Gitana 13 racking up the miles at a steady pace
by Gitana 13 media on 3 Apr 2008
Since leaving San Francisco last Saturday at 22h45’45’’ UT, Lionel Lemonchois and his crew have been racking up the miles at a steady pace – an average of over 21 knots – as they jump from one weather system to another. This strategy has paid off as, after just four days of racing, the 33 metres maxi-catamaran has a good lead over the reference time.
080402 04 - East to West crossing of the North Pacific record attempt 2008 © Copyright : Gitana S.A. http://www.gitana-team.com/en/
'Conditions are now ideal… We have been experiencing periods of sailing which have been considerably more pleasant over the past 24 hours. We have brilliant sunshine, increasingly calm seas and a twenty knot NE'ly breeze, which are currently enabling us to belt along at between 27 and 34 knots' confided Cyril Dardashti shortly after 2300 hours yesterday night.
In 2006, during its conclusive east to west crossing of the Pacific, Geronimo completed the course in three stages. In fact, weather conditions were such that Olivier de Kersauson and his crew were pushed onto a very S’ly course. This was so far south that the maxi-trimaran treated itself to two intermediary records (San Francisco / Honolulu then Honolulu / Yokohama) in addition to the North Pacific record crossing. For Lionel Lemonchois and his ten crew, the objective has always been to reduce the reference time for the whole course so the possibility of a passage between the Hawaiian Island was quickly moved to one side. The reasons for this are that the conditions Gitana 13 is currently benefiting from are enabling her to make headway towards the goal without having to round off her trajectory too much. 'If the wind had guided us close to Honolulu we’d certainly have attempted the intermediary records, but we're passing too far north of the archipelago to warrant adding additional miles. This is rather good news for the outright crossing record!' added Cyril. Positioned 320 miles north of the island of Maui yesterday night, the maxi-catamaran has since left the Hawaiian archipelago abeam of her, to port.
'This North Pacific crossing is a record you have to hunt down. As a result we haven’t eased off the pace since leaving San Francisco so we can get the very best out of Gitana 13!' Their efforts have been rewarded as, after just four days and a few hours on the counter, the maxi-catamaran equipped by Baron Benjamin de Rothschild has held a comfortable lead over Geronimo: 379 miles at the 0830 position report.
Today this NE’ly wind is set to hold as it clocks round progressively to the E and then the SE tomorrow. This rotation will accompany Lionel Lemonchois’ men in what will be their only day in a tradewind air flow during this record. According to Sylvain Mondon’s forecast, this fifth day at sea also promises to be one of the most productive since the start. Indeed, the combination of strong, established winds and fairly flat seas should enable Gitana 13 to lengthen her stride – the 600 miles covered in 24 hours are likely to be exceeded in principle – and they will be able to open up their lead still further over their virtual rival.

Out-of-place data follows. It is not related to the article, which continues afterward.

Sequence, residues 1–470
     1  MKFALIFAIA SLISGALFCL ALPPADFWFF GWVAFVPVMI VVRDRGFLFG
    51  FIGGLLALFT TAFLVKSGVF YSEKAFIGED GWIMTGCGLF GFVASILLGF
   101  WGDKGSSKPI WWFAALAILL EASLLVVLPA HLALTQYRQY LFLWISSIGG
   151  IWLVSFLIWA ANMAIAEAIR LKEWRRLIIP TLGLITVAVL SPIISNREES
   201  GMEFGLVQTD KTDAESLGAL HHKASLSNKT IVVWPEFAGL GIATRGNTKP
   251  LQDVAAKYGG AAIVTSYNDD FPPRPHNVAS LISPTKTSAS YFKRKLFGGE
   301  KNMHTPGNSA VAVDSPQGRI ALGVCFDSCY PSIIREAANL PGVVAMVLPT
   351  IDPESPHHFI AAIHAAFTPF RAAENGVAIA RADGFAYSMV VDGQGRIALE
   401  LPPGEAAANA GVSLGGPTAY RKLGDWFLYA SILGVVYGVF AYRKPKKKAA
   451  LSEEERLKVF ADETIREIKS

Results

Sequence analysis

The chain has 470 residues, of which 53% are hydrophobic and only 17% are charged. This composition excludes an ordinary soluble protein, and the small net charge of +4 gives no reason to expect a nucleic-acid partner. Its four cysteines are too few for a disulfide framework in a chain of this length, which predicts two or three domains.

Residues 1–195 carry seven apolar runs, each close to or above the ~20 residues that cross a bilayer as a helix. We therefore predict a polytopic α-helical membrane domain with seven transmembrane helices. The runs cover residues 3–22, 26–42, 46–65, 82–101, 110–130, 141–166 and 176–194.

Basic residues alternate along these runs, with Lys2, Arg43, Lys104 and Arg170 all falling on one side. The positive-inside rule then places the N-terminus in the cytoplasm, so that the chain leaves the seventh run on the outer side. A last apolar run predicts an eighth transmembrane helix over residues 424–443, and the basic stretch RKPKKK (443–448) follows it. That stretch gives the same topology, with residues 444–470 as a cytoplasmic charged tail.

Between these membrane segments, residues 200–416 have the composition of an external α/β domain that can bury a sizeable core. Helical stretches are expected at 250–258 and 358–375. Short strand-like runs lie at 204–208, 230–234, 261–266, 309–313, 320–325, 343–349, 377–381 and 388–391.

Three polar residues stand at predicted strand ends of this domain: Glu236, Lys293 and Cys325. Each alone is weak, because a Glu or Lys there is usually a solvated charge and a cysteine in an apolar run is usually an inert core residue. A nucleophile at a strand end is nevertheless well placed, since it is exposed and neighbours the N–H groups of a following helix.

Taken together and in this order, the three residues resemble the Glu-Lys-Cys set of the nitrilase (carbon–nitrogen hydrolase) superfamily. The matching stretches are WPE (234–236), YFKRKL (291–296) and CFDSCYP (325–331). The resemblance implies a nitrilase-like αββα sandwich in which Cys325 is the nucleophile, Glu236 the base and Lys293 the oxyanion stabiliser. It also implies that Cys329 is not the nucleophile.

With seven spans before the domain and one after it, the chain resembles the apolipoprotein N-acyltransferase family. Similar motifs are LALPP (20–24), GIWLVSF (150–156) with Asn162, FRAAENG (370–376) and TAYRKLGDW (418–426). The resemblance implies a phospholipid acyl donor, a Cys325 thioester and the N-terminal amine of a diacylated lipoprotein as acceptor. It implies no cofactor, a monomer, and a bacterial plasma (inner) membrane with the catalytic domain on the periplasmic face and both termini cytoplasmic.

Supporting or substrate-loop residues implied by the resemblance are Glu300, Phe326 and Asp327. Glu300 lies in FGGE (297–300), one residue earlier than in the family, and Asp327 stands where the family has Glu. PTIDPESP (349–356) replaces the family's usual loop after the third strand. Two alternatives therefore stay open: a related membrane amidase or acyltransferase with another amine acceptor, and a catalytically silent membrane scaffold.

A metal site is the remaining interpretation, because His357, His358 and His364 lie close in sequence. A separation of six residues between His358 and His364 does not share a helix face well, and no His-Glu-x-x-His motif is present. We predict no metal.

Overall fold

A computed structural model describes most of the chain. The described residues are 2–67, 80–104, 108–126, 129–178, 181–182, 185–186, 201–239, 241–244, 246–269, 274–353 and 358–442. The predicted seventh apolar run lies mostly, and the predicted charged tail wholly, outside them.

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Onboard Comments - 02/04/2008 - 17:04 - Awaiting the waves
And the fourth night was the right night! The heaven was filled with stars and the men on watch on deck were finally able to chat amongst ourselves naturally, without having to bellow to make ourselves heard… The collars of our foulies are open now as we no longer have to do battle with the spray or the cold. The ambient temperature has utterly changed, as has the seawater, which is now 23°C, as opposed to 10 at the start. This changes the tone and this ‘truce’ comes as a welcome relief. Gitana 13 is dry again, the two hulls having been sponged down from top to bottom. The crew meantime has had a good rest for the first time, with the resulting deep sleep a real joy for the person in charge of waking everyone up. Each time the person being woken is a long, long way from this Pacific crossing record attempt and takes several seconds to climb aboard once more.
So here we are, under the stars on flat seas with all the sail aloft. We’re slipping along on calmer seas, still beam on to the breeze. The sheets are in our hands; there’s a reef to be taken in as the wind fills in, albeit it temporarily… quickly followed by shaking out the reef again. Cups of tea or coffee once more circulate about the deck, where paradise reigns, but it won't last. In the next few hours we're expecting the wind to fill in again. We're maintaining the same angle in relation to it so as to set off again with the best possible 'heading/speed' compromise, comfort having absolutely no part in the equation as you've doubtless grasped. However, Captain Lionel's smile has everyone taking their medicine when, beaming broadly, he announces that in two days time we are likely to have covered half the course. 'Five days to get halfway across the Pacific, not bad eh?' Go on then, I won’t mind getting dumped on by another wave after all!
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